Syracuse Orange Deserve Some Karmic Retribution

By Bryan Zarpentine
Bob Donnan – USATODAY Sports

Heading into March of the 2010 and 2012 seasons, the Syracuse Orange were one of the best teams in the country and favorites to reach the Final Four and possibly win a national championship. But extenuating circumstances that were out of the team’s control prevented the Orange from reaching their potential and winning a national title.

In 2010, the Orange finished the regular season 28-3, and in the minds of many were the clear favorite to win the national championship with a picture perfect seven-man rotation that steamrolled the Big East all season. However, starting center Arinze Onuaku suffered an injury in the Big East Tournament, which caused him to miss the rest of the season and forced Syracuse to reorganize its lineup, with little preparation time prior to the NCAA Tournament. Despite getting a one seed, the Orange lost in the Sweet 16. Had Onuaku not been injured, it’s not a stretch to say that Syracuse would have ended up in the national championship game, with a great chance to win the title.

In 2012, Syracuse entered the NCAA Tournament with a record of 31-2, after spending the entire season as a top-5 team. On the eve of the tournament, starting center Fab Melo was ruled ineligible for the tournament, after missing three games earlier in the season, during which time the Orange suffered one of its losses. Without Melo, who would later become a first-round NBA draft pick, the Orange still managed to reach the Elite Eight, but fell short of reaching the Final For. With Melo in the lineup, Syracuse’s only loss came in the semi-finals of the Big East Tournament, a game in which the Cincinnati Bearcats made 10 of 22 three-point attempts, an aberration against Syracuse’s 2-3 zone. Had Melo been able to play in the NCAA Tournament, it stands to reason that the Orange would have reached the national title game and faced the Kentucky Wildcats, a game that would have matched up the two teams that were far and away the best in the country last year, and a game Syracuse would have had a real chance to win.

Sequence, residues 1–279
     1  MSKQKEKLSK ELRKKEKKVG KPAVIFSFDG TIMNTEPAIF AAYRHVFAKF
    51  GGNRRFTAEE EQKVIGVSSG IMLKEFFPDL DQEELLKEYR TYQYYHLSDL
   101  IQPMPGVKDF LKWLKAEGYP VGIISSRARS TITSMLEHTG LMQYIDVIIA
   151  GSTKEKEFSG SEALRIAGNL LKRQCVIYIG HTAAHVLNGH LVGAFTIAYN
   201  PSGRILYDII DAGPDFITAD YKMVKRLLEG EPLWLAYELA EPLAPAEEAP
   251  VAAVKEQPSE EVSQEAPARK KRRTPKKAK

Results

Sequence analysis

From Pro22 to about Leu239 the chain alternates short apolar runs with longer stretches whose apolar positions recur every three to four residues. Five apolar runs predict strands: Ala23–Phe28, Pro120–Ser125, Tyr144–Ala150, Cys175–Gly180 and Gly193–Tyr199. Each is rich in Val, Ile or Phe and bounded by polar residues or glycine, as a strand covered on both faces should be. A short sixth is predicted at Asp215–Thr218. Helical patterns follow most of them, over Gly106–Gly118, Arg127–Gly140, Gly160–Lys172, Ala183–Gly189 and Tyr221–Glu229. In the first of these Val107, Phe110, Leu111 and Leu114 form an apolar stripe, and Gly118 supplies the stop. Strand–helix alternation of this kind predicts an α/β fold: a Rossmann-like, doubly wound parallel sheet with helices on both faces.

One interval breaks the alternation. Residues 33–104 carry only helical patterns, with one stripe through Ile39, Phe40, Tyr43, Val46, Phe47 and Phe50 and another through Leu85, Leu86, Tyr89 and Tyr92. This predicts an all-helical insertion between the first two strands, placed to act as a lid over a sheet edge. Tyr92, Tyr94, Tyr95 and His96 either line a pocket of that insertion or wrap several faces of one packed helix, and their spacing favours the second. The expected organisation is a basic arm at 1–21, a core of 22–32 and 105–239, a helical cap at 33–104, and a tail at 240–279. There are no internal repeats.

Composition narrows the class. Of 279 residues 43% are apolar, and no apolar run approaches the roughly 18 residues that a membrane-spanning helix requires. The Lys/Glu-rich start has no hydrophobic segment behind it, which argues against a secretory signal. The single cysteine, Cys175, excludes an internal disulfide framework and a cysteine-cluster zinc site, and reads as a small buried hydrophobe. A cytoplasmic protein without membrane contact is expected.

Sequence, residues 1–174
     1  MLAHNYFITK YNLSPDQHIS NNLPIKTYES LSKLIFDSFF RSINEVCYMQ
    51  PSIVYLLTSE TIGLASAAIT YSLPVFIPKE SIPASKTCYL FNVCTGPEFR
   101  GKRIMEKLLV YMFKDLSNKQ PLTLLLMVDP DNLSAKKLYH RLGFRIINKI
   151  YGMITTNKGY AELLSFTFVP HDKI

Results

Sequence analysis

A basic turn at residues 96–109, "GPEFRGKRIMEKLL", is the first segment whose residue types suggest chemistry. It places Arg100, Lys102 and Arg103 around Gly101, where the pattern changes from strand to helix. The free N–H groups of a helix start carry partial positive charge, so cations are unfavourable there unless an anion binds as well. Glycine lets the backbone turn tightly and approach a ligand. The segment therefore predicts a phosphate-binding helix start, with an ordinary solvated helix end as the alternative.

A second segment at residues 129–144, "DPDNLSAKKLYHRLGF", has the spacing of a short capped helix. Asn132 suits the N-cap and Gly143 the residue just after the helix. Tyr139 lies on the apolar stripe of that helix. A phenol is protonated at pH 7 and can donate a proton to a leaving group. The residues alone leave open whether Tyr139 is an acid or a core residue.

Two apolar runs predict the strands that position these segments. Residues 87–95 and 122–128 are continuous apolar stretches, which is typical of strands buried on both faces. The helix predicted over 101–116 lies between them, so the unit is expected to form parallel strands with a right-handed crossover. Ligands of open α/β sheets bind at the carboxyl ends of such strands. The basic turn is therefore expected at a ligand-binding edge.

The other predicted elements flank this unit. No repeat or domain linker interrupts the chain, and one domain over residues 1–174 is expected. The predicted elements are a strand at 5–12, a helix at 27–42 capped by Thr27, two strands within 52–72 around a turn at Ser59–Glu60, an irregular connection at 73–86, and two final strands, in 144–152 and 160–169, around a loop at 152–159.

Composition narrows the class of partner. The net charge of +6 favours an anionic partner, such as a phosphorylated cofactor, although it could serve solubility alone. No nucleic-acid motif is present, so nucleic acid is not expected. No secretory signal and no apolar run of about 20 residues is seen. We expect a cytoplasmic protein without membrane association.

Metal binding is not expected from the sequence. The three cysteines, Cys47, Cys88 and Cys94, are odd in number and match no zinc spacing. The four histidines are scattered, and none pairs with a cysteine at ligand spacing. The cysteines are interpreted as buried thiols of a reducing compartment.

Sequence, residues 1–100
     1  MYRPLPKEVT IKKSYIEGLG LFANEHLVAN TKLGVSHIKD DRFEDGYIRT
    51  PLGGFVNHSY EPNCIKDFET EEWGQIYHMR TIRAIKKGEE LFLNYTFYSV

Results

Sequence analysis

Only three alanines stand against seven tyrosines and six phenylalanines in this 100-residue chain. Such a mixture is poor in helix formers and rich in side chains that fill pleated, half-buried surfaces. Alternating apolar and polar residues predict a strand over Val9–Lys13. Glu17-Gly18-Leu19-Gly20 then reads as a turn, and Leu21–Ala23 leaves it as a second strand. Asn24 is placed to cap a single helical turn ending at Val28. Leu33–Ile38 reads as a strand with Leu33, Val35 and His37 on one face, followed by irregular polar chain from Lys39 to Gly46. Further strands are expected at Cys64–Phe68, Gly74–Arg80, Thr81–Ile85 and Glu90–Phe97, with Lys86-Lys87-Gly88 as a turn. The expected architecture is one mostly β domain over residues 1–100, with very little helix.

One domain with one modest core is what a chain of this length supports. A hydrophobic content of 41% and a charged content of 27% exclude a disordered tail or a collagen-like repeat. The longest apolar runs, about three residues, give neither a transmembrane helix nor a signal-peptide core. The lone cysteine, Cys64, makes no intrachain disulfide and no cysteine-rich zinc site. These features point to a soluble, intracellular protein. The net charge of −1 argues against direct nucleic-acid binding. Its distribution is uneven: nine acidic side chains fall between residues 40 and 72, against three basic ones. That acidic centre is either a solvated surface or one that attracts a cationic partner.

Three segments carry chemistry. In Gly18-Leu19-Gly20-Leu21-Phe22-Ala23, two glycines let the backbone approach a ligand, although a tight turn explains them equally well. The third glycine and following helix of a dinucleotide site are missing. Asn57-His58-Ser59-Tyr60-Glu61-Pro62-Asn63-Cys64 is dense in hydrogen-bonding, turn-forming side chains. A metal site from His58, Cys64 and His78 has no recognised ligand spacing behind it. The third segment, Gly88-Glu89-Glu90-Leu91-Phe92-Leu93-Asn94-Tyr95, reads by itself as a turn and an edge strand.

If not for the unfortunate loss of their starting center in both 2010 and 2012, Syracuse would likely be playing in its third Final Four in their last four years. Had they not been unjustly deprived of their starting center without any time to adjust before the start of the NCAA Tournament, the Orange may have won the national championship in either year, perhaps even both years. Missing out on the opportunity to win a national championship in 2010 was unfortunate, but the same issue repeating itself in 2012 was unfair, and infuriating for Syracuse fans to watch déjà vu unfold in front of their eyes when they could once again feel a national championship within their reach.

Plain and simple, Syracuse has been cheated in two of the last three seasons; cheated out of legitimate opportunities to win a national championship with teams that had proven without a sliver a doubt that they were among the best teams, if not the absolute best team, in the country. If there is such a thing as karma in the world, then Syracuse deserves to have some sent its way, and there’s no better way for that to happen than to win a national championship in a year when they were left for dead at the end of the regular season. Yes, the Orange will have to perform on the court and earn a title this weekend in Atlanta, but none of the four schools in the Final Four this year deserve a championship more than Syracuse.


Bryan Zarpentine is a New York Mets writer at  He also writes frequently about the NFL, College Football, College Basketball, and International Soccer.  Follow him on twitter @BZarp and add him to your network on Google+.

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